Sometimes we get asked "why do 360 degree feedback?".  For anyone interested in sport this may prove a useful perspective.  Many manager’s have blindspots.  They build a self-image of themselves as a manager – often encouraged by others and reinforced through promotions.  They believe that their one style will fit all and that all team members are responding well to this style.

360 degree feedback can develop their self-awareness and understanding of how team members perceive them; providing them with a fantastic insight into how their management style impacts on others.

When debriefing 360 feedback we often look to see what level of self-awareness the individual has.  When you meet someone who is aware not only of how the majority of people see them but also those people not always on their immediate radar then you know you are working with an impressive individual.

I suspect Phil Larder was referring to something quite different.


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Development times, appraisal times

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I have a fledgling thought about the merits of separating the annual performance appraisal process from any personal development work that comes out of a competency based feedback process – such as 360 degree feedback.

The thoughts come from the different mindset that I have seen in people when they are being assessed – particularly with a link to pay, compared to how they approach a conversation about their personal development.

I suspect that to make this effective you would have to separate that development that is linked to targets/goals and that development that is linked to personal capability or competence on a broader level.  The former will often fall out of an objective setting exercise whereas the latter tends to fall out of 360 feedback.

We notice a number of clients making 360 feedback part of the performance appraisal process – some during the annual review but many deliberately at a different time of the year.  I am coming to favour the two processes not being linked.


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Social Networking – A way of spreading best practice in Performance Appraisals

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Given the fact that we have a rapidly growing base of some 30,000 users accessing our on-line performance appraisal and 360 degree feeback systems every day, I was keen to attend the recent Social Networking Forum at Olympia this week.

We have a community of users that already interact with us regularly and with the technology changing at such a fast pace, this ability to listen, engage and respond can only improve.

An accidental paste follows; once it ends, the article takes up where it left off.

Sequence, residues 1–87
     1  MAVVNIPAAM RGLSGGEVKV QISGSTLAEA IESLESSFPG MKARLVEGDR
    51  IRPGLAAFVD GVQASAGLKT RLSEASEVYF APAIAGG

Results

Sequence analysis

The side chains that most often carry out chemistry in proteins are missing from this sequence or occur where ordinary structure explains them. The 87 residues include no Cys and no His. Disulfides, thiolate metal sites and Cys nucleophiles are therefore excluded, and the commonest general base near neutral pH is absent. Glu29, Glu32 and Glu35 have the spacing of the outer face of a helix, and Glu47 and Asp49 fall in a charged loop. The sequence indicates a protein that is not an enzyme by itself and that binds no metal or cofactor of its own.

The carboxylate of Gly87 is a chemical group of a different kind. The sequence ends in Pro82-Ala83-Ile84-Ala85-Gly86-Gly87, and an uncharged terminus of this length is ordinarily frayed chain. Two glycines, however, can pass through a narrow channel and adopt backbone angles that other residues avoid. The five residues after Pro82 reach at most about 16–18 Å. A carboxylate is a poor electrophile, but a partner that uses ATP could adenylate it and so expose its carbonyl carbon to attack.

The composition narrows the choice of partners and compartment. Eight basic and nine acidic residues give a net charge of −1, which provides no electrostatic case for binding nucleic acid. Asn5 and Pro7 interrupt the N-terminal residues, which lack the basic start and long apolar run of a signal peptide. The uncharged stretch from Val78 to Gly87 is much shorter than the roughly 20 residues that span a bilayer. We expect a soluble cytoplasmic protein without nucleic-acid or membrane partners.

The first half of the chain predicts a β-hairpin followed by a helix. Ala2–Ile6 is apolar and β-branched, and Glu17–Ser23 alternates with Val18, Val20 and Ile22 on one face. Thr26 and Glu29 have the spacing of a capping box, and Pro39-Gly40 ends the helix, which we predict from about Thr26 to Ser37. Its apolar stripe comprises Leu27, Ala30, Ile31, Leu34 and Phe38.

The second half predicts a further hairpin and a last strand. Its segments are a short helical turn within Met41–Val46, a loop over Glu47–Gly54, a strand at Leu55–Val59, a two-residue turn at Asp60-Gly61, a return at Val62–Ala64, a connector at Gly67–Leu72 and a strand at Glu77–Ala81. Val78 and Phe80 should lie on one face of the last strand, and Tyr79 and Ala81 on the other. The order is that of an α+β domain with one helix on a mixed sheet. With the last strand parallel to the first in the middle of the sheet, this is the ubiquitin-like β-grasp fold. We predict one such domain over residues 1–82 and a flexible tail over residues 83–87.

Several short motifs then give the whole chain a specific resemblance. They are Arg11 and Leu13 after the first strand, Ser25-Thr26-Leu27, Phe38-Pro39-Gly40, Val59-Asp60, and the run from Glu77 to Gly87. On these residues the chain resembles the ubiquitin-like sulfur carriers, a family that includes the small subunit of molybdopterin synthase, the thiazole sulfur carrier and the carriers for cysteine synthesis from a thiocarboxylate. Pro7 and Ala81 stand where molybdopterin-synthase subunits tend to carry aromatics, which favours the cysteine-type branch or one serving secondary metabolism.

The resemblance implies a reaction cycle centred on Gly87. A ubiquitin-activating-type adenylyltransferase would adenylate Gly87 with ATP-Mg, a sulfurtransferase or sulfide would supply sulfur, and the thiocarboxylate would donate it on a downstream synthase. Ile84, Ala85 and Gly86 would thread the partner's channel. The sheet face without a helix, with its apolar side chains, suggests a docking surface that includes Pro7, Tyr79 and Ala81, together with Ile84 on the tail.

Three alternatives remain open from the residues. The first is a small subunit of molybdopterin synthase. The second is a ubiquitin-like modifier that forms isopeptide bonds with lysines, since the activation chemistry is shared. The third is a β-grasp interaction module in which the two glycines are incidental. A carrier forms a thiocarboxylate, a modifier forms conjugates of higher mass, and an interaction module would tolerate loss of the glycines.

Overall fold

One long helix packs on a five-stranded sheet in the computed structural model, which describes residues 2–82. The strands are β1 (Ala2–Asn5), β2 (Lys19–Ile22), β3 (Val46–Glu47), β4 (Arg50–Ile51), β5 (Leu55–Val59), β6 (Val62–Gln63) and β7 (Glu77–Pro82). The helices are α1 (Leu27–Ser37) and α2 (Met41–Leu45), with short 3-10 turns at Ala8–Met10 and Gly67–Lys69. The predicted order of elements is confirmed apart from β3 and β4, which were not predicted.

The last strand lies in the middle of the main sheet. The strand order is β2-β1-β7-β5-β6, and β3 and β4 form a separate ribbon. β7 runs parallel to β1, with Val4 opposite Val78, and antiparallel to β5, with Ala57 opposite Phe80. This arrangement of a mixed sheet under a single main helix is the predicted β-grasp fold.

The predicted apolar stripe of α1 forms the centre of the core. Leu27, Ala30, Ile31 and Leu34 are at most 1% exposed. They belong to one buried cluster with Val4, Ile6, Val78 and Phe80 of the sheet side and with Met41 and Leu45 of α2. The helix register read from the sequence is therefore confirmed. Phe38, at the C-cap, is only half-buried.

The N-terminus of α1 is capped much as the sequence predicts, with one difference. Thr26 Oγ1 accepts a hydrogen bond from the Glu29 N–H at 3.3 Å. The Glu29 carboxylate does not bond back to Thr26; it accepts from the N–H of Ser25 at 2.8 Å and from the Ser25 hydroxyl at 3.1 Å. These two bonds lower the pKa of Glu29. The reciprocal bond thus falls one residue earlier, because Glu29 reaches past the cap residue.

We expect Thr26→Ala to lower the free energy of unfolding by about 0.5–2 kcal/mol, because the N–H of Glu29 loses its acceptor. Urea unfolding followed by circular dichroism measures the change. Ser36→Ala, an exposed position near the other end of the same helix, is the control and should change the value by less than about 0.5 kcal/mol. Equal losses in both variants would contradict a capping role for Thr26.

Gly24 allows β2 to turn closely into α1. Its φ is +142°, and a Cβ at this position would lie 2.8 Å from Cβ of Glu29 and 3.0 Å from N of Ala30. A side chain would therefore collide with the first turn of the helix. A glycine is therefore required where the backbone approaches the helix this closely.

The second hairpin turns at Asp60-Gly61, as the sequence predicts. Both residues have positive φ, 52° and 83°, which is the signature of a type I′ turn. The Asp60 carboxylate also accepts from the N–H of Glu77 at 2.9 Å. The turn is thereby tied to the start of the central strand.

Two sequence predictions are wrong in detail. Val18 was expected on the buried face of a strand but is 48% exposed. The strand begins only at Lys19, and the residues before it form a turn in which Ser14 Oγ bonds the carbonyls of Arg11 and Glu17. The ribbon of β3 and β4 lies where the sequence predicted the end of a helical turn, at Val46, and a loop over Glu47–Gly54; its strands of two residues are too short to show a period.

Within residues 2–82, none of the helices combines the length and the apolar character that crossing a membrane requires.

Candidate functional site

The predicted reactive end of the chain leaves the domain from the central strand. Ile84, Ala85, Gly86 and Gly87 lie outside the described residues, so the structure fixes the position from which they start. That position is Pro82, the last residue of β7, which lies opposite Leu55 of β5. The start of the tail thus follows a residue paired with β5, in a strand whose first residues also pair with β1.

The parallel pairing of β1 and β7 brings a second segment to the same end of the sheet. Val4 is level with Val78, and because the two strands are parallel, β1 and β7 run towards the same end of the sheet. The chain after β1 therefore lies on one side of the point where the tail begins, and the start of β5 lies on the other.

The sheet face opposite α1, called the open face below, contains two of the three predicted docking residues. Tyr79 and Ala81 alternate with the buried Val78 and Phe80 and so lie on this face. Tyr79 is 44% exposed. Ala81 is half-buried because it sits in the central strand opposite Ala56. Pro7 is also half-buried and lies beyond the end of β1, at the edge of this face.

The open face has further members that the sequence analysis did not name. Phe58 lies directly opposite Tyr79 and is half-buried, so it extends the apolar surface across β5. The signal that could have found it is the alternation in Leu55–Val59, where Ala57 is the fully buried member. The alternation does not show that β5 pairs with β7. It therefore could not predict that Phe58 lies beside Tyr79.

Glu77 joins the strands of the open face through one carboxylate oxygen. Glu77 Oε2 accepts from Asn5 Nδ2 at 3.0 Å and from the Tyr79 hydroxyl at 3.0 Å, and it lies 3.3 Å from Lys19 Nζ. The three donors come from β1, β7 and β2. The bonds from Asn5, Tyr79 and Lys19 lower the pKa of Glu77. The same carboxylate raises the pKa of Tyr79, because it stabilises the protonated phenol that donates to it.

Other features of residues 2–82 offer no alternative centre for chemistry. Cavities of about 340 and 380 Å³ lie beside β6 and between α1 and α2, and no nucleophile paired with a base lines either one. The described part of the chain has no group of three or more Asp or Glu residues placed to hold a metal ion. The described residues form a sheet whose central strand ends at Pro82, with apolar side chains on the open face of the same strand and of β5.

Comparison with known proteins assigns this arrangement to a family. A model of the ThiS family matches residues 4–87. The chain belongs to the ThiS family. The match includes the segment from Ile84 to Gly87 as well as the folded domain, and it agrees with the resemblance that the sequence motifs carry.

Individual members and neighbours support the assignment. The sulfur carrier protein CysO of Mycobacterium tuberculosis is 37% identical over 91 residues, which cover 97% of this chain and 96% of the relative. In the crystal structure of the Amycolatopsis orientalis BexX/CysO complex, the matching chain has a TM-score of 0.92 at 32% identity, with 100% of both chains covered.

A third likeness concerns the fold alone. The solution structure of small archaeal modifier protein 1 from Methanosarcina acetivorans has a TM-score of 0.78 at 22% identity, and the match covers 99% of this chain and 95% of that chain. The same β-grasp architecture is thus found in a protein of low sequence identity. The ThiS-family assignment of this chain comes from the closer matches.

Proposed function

The media often skew the picture around ‘social networking’ as being the domain of Facebook or My Space and alike – as a consequence, it can be perceived as something that adds little value to the day-to-day productivity of an employee and subsequently the organisation.

However, the idea of establishing network of individuals who can help each other, pass on knowledge, and experience that relates to their work makes perfect sense.

With some careful forethought, one could establish communities that actually create efficiencies and improve productivity through sharing best practice on many tasks that are common to most organisations; one such area would be performance appraisals.

As with worked with so many different clients, we often share best practice through our discussions as we advise, guide and suggest ways to implement an online appraisal process.

To open up this discussion to a wider audience both within the client organisation or between organisations could help to create a new standard in performance management and appraisals.

Now, let’s have a look at this thing called ‘Twitter’……!

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Sharing a 360 Degree Feedback report…this is the one key thing to remember

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Enticing a title as it is, with the promise of one key thing to remember in sharing 360 degree feedback reports, there is a grain of truth to it!

Having run another of our one-day training programme, ‘Conducting effective 360 degree feedback debriefs’, I reflected on what was the key thing that most delegates appeared to take away from the day.

It centered around one of the first topics within the programme, which is to ask ‘What is the purpose of the debrief?’; this in turn, has the delegates explore what their role is within the debrief.

The key fact is that the debrief is not a coaching session, although coaching skills may be deployed; similarly, it is not a counselling session, albeit that appropriate support of the individual is required; and finally, it is not a mentoring session, you are not there primarily to offer your insight or experience..

So, what is the purpose of the debrief?

It is to ensure that the recipient comes away with a balanced understanding of the feedback they have been given.

In doing this, you as a debriefer look to raise their level of self-awareness and ensure that there is a degree of acceptance of the feedback.

I think this is best illustrated with the following simple image:

360 Degree FeedbackDebrief v Coaching
Your role is to primarily allow the recipient to explore the feedback, raise their levels of self-awareness and take responsibility.

It is all too easy to jump over the line too quickly and try to have someone set goals, take actions, etc before they have had that chance to reflect and accept the feedback.

Resist this temptation in the debrief and the indvidual will reap the rewards.